Know Your Clouds: A 1966 Animated Morphology of the Skies
A surprisingly poetic educational film about the ten basic cloud types and their distinct shapes, shades, and altitudes.
By Maria Popova
The grandeur and effortless serenity of clouds never ceases to bowl me over. Their peculiar fusion of levity and shapely definition renders them somehow existentially assuring. Clouds have stirred poets to write magnificent love letters to the skies and psychologists to assure us that cloudy days help us think more clearly. But for of all their psychological rewards, clouds are also a pertinent practical matter in the human conquest of the atmosphere.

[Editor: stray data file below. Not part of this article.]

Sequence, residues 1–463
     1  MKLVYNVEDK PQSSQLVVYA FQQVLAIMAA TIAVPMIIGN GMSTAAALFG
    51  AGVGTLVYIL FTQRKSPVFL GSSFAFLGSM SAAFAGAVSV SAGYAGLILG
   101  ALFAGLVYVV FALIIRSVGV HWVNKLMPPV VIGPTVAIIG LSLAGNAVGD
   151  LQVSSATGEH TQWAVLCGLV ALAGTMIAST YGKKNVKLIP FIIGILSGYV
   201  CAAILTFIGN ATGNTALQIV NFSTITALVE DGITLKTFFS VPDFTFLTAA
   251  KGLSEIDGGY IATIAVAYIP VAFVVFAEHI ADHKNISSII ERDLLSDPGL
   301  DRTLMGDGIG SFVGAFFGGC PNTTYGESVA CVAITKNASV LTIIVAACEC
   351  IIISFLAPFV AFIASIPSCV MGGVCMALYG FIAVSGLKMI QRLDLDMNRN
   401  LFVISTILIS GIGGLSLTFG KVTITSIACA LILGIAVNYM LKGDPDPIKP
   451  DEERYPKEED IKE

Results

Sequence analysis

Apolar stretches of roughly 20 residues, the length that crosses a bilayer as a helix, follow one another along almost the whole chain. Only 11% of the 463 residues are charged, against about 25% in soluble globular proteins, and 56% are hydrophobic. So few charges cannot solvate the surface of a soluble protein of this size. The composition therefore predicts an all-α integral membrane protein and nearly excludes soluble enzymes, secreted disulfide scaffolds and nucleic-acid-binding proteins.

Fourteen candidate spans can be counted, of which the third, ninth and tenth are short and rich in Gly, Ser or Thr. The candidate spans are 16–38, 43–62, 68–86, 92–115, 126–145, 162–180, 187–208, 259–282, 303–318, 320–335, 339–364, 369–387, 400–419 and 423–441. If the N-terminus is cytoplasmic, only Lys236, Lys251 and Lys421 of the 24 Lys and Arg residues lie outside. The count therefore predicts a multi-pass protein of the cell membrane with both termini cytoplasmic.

In 1966, a century and a half after a young scientist classified the clouds and enchanted Goethe with his system, the U.S. Army made a surprisingly poetic animated film intended to help pilots identify the clouds and their symbols by outlining the ten basic cloud types and their distinct shapes, shades, and altitudes.
Complement with the science of how clouds stay up in the sky, poet Mark Strand and painter Wendy Mark’s astonishingly beautiful homage to the clouds, and Goethe’s science-inspired cloud poems.
Published October 7, 2015